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According to research, ADHD may have provided an evolutionary benefit.

According to research, ADHD may have provided an evolutionary benefit.

According to researchers, certain characteristics associated with attention deficit hyperactivity disorder (ADHD), such as being easily distracted or impulsive, may have provided an evolutionary benefit to our ancestors. These traits could have helped them strategize more effectively while gathering food.

Attention Deficit Hyperactivity Disorder (ADHD) is a condition characterized by symptoms such as impulsive behavior, disorganization, and difficulty concentrating. Although the exact number may vary, there has been an increase in diagnoses of this disorder in several countries, including the United Kingdom.

According to researchers, although some of these characteristics are often seen in a negative light, they may have aided individuals in finding new areas for gathering food.

The study conducted by Dr. David Barack from the University of Pennsylvania, who was the lead researcher, provided a potential reason for the higher occurrence of ADHD compared to what would be expected solely from random genetic mutations. This also sheds light on the prevalence of traits like distractibility and impulsivity.

According to the speaker, if these characteristics were actually detrimental, they would have likely been eliminated through natural selection over time. Our research provides an initial indication that these traits may offer advantages in specific decision-making situations.

In a study published in the journal Proceedings of the Royal Society B: Biological Sciences, Barack and his team shared their analysis of data collected from 457 participants who played an online game that involved gathering as many berries as they could in eight minutes.

The amount of berries collected from each bush decreased as it was foraged more frequently.

During the assignment, individuals had the option to either gather berries from the bushes in their current spot or relocate to a different area – although the latter required an investment of time.

The team screened individuals for symptoms resembling ADHD, but this was not considered a formal diagnosis. They identified 206 participants with positive results.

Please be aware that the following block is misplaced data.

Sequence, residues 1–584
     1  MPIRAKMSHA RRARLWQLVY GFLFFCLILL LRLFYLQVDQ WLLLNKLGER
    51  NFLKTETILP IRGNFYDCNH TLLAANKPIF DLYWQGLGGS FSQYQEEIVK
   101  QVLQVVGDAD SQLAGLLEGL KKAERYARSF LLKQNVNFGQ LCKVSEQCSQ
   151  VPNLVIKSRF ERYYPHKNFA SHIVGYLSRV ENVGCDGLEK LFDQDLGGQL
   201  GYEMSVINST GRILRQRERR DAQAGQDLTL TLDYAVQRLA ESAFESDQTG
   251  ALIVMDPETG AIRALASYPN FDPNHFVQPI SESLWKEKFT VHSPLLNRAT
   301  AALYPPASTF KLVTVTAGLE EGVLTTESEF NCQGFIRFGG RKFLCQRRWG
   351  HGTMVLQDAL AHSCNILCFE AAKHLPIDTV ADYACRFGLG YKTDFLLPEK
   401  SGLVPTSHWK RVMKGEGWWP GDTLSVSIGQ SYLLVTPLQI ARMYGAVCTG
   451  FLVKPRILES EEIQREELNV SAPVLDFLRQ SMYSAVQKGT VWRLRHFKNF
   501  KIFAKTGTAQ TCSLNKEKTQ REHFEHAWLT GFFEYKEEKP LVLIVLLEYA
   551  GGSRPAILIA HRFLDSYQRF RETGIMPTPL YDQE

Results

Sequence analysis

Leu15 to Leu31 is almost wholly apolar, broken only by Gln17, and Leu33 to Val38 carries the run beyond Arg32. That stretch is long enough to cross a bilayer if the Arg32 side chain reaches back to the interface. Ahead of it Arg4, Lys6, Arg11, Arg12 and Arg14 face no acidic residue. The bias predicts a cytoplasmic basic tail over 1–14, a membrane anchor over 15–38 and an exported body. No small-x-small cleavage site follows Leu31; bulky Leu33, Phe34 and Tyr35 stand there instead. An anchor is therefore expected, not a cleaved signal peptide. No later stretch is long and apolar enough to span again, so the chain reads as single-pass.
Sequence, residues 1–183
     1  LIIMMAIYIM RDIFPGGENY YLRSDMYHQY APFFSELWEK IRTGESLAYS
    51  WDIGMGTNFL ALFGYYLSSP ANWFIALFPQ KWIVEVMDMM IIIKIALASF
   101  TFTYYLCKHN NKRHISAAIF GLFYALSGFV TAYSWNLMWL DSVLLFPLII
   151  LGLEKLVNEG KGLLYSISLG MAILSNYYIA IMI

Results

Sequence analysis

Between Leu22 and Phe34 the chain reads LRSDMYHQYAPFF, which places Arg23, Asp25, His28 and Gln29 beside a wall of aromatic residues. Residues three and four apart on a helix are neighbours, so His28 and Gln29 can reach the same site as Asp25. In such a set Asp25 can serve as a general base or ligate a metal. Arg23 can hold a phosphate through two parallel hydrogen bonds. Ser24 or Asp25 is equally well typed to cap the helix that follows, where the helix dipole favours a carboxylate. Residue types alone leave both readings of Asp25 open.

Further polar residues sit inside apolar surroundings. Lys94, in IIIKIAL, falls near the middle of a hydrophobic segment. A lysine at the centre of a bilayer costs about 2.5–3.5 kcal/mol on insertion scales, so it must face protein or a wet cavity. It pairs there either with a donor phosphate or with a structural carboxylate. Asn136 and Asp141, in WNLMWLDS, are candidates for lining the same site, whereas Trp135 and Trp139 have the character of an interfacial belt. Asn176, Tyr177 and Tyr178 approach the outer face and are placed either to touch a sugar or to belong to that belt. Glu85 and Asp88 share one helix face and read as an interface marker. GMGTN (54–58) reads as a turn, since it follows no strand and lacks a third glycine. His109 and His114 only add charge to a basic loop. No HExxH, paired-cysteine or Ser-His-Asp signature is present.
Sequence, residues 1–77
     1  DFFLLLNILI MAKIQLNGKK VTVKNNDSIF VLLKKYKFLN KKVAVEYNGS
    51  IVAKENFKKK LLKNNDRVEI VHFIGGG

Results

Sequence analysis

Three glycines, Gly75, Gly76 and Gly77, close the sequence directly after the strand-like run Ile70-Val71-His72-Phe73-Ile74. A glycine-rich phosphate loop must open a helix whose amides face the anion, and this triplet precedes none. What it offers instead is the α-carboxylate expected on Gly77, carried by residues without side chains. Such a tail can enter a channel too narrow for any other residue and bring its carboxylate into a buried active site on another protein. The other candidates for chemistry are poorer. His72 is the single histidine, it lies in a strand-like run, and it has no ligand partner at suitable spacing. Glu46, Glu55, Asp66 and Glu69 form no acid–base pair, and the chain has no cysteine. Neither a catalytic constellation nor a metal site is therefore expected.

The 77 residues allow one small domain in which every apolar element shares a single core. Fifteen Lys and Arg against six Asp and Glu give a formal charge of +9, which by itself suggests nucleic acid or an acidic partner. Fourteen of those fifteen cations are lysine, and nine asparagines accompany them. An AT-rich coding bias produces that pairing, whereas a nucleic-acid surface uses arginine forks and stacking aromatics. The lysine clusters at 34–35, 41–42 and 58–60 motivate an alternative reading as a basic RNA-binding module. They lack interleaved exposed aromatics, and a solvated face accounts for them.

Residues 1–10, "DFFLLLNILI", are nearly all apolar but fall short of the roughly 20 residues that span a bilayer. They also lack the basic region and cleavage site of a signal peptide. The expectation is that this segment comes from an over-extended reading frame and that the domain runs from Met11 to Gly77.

According to the study, individuals who scored higher on the ADHD scale spent less time in one area of bushes compared to those with lower scores. This suggests they were more likely to leave their current spot and search for a different one. Importantly, the researchers also discovered that these individuals earned more points in the game compared to those with lower scores on the ADHD scale.

The findings of the researchers align with previous studies indicating that populations with nomadic lifestyles, who benefited from exploration, possess genes linked to ADHD.

Despite its limitations, the study acknowledged that ADHD-like symptoms were measured through self-reported information.

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Barack suggested conducting studies with individuals who have been diagnosed with ADHD and engaging them in real-life foraging activities. This is especially important as the physical movement between patches would require more effort compared to an online game.

According to Michael J Reiss, a science education professor at University College London, ADHD may have both negative consequences and potential benefits in situations that value physical activity and quick decision-making. Reiss, who was not involved in the study, acknowledges the connection between ADHD and serious consequences.

According to the research conducted by David Barack and his team, individuals with high scores for ADHD tend to exhibit impulsive behavior by frequently changing their foraging methods. This could have been beneficial in our past evolution.

Attention Deficit Hyperactivity Disorder (ADHD) can have significant consequences, but these consequences are largely influenced by modern environments.

Source: theguardian.com